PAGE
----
Dollar Thrifty Automotive Group has won greater flexibility in how it finances the purchases of cars for its rental fleet.
The company, which operates the Dollar Rent A Car and Thrifty Car Rental brands, said rating agencies and the monoline insurers of its medium-term note agreed to scrap the requirement that it maintain a specific percentage of the value of its vehicle inventory under manufacturer guaranteed repurchase or depreciation programs, or GDPs.
Under previous medium-term-note agreements, no more than 75 percent of the net book value of vehicle inventory could be in non-program, or risk, vehicles. The company now can have a fleet of 100 percent risk vehicles, while retaining the ability to purchase GDP vehicles at its discretion to meet seasonal demand and allow flexibility in its de-fleeting cycle.
Dollar Thrifty CEO Scott Thompson said, “We will be able to make fleet purchase decisions based on the most favorable purchase economics available in a rapidly changing marketplace, rather than a predetermined mix of GDP and risk vehicles. Additionally, this amendment allows us the flexibility to reduce our credit exposure to the residual value guarantees provided by the vehicle manufacturers during an uncertain time in our economy.”
The company also announced that it amended its credit facility. It permanently reduced the maximum outstanding enhancement letters of credit of its commercial paper and MTN programs by $50 million to $148 million, and made a corresponding reduction in its revolving credit facility that permanently reduced the total revolving loan and letter of credit commitment to $290 million.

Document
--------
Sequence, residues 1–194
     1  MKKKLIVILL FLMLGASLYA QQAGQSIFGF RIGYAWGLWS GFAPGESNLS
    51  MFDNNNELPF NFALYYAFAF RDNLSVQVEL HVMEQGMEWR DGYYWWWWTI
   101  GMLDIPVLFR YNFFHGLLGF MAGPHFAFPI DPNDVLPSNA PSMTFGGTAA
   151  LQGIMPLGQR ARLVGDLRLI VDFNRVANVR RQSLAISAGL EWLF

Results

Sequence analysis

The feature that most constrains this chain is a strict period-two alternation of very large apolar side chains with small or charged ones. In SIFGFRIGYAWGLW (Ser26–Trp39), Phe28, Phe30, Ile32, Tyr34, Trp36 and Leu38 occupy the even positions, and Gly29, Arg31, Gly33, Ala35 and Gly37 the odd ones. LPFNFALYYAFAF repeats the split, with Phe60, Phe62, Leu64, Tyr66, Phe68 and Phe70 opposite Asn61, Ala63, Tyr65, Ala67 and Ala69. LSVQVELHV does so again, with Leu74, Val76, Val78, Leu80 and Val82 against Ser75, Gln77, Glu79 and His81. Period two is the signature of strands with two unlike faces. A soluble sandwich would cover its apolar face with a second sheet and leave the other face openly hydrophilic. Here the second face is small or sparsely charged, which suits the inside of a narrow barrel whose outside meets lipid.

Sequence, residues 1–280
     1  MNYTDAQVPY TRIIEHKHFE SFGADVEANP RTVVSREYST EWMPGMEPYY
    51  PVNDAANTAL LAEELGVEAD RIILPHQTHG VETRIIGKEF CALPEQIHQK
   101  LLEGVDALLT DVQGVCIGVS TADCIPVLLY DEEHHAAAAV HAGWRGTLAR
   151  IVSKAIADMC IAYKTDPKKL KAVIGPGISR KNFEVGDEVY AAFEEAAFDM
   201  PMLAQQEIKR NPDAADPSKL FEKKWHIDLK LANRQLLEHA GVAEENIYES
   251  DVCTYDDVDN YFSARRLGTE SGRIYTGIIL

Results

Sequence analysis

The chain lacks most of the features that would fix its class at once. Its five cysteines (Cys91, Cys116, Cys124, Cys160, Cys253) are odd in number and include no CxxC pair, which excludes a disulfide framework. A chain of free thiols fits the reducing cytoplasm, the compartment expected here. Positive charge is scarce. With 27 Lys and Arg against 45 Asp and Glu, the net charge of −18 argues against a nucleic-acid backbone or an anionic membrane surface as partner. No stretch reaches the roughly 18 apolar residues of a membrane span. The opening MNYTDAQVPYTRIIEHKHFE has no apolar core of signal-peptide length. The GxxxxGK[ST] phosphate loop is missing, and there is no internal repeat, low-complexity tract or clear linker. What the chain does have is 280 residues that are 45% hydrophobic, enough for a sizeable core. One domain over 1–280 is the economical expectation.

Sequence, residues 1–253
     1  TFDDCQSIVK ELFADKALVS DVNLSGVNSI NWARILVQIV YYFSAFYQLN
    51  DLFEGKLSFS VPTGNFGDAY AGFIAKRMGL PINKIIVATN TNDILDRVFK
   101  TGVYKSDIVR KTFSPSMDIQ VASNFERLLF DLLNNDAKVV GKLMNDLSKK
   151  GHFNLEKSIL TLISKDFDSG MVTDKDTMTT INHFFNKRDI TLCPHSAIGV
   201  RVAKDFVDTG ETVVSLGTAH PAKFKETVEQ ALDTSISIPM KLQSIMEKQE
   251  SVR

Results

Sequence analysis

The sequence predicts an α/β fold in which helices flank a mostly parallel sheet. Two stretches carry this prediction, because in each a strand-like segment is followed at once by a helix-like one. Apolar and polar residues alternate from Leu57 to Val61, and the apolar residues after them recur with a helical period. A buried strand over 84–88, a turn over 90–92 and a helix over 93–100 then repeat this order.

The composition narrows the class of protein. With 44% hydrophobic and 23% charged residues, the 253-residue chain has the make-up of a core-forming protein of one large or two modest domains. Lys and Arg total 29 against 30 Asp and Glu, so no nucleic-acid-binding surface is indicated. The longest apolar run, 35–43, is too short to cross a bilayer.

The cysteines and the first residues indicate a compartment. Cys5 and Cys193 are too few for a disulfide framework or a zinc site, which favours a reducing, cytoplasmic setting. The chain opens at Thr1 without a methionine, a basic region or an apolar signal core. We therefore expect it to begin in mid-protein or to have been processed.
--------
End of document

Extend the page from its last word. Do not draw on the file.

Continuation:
“The reduction in the revolving loan and letter of credit commitments is part of the overall process of right-sizing our business to adapt to the current economic climate,” said Thompson.
Last month, Dollar Thrifty warned again of a “significantly” wider fourth quarter loss on lower revenue as the car rental market struggled amid the broader auto industry’s woes. Still, the company said it will end the quarter with more than $210 million in cash, as operating losses and changes in working capital were offset by a $100 million cash dividend from its vehicle-finance subsidiary.
Dollar Thrifty is viewed as more vulnerable than some other car rental companies in part because of its ties to Chrysler LCC. The rental firm was spun off by Chrysler in 1997, and Chrysler products still account for a large part of its fleet.
Last month, The New York Stock Exchange, which had announced a temporary relaxation of its listing requirements in light of the rapid market-capitalization decline of many of its listed firms, applied a new, lower threshold in not delisting Dollar Thrifty shares.
The Big Board acknowledged that the rental car firm is one of a dozen or so companies that could benefit from the NYSE’s decision to reduce its listing requirement, which previously called for a $25 million minimum market cap. An exchange official would not identify the other companies that could benefit.
Dollar Thrifty acknowledged that it had failed to meet the $25 million minimum market capitalization requirement for the 30-day period ended Dec. 22, 2008. But the company said that the NYSE, in advising the Dollar Thrifty of its decision, had recognized the overall decline in trading prices in today’s volatile markets.